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Federal judge strikes down restrictive Texas abortion law

A federal judge on Monday ruled [opinion, PDF] that provisions of the new Texas abortion law [HB2] violate the US Constitution, declaring the law, which was slated to take effect on Tuesday, unenforceable. The American Civil Liberties Union (ACLU) and Planned Parenthood [advocacy websites] filed the suit [JURIST report] to block two provisions of the law that would require physicians who provide abortions to obtain admitting privileges at a local hospital and included higher restrictions on the use of abortion medication. District Judge Lee Yeakel found that the admitting-privileges provision is unconstitutional because it does not "rationally relate to the State's legitimate interest in protecting the unborn." Furthermore, Yaekel wrote that "the hospital-admitting-privileges provision of the act places an 'undue burden' on a woman seeking abortion services in Texas because it necessarily has the effect of presenting a 'substantial obstacle' to access to abortion services." Despite finding that the medication-abortion provision does not fail constitutional review, Yeakel found that the medication-abortion provision of the law is overly broad. "Although the medication-abortion provisions do not generally place an undue burden on a woman seeking an abortion, they do if they ban a medication abortion where a physician determines, in appropriate medical judgment, such a procedure is necessary for the preservation of the life or health of the mother." Texas Attorney General Greg Abbott [official profile] has filed an emergency appeal [text, PDF] of Yeakel's order.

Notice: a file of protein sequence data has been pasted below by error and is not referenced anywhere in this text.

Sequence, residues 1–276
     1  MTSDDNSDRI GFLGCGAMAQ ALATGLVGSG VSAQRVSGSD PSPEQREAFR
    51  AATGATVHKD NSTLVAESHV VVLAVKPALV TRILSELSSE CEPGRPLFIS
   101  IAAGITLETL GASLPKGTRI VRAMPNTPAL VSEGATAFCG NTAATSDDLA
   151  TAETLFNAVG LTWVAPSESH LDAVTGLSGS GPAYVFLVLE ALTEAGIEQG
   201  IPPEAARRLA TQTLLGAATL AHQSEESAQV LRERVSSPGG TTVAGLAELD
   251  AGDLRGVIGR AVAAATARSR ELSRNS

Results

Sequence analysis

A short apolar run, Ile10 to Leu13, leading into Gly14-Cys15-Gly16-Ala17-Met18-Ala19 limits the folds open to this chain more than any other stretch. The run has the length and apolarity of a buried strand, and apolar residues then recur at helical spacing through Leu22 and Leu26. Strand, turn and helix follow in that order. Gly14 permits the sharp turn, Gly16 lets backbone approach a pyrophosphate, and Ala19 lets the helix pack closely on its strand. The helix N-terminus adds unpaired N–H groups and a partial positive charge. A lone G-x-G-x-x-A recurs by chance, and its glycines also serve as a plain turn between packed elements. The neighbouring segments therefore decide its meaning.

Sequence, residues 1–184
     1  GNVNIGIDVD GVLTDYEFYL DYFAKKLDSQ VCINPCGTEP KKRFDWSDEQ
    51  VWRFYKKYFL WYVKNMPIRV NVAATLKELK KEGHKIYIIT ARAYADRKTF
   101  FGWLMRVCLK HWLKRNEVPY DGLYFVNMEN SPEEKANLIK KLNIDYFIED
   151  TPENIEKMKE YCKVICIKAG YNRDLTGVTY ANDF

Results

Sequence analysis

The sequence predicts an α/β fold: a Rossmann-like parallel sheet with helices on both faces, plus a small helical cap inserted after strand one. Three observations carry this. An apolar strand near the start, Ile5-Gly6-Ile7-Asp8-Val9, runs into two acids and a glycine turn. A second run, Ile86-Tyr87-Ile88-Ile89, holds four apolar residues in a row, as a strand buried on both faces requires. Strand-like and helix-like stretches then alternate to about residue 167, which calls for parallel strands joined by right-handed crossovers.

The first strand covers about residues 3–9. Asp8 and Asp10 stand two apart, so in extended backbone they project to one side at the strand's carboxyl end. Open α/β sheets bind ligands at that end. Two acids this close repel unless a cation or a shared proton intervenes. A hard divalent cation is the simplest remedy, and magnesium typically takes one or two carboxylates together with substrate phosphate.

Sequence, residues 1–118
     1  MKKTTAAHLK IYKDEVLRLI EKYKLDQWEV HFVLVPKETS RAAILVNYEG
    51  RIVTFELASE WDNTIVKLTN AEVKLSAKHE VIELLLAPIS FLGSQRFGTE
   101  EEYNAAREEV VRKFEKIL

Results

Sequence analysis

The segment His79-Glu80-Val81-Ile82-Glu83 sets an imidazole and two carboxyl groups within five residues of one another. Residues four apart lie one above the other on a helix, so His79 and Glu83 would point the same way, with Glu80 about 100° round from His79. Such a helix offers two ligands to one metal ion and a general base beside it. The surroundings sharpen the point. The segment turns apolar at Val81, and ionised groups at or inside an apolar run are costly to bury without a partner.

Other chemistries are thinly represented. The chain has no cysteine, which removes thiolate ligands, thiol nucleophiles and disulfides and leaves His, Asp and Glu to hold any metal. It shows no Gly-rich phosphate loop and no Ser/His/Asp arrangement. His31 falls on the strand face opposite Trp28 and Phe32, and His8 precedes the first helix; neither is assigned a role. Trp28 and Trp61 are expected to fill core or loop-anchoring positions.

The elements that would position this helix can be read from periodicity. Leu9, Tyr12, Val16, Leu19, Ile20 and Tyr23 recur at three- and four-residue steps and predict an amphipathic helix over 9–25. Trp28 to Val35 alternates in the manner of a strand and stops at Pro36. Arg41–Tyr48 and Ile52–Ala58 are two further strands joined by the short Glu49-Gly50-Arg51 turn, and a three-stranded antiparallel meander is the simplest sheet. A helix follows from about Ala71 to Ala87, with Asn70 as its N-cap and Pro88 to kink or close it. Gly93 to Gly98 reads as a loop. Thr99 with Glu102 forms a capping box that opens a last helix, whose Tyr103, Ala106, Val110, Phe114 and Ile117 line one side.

This is the latest development in the ongoing reproductive rights controversy [JURIST backgrounder] in the US. Earlier this month the ACLU filed suit [JURIST report] against Ohio officials, claiming that the inclusion of three abortion-related amendments in the state budget violate the state constitution. The US Court of Appeals for the Ninth Circuit [official website] ruled [JURIST report] in August against an Arizona law [HB 2800, PDF] that disqualified health providers that perform abortions, such as Planned Parenthood, from receiving public funds. Also in August Planned Parenthood of Indiana and Kentucky [advocacy website] sued [JURIST report] the Indiana State Department of Health [official website] challenging a new regulation that defined facilities prescribing Mifepristone as abortion clinics and required them meet regulatory requirements of surgical facilities, even when they do not provide surgical procedures. A similar bill, which passed [JURIST report] in Alabama in April, has received criticism as a "back-door" attempt [JURIST op-ed] to circumvent a woman's right to abortion.

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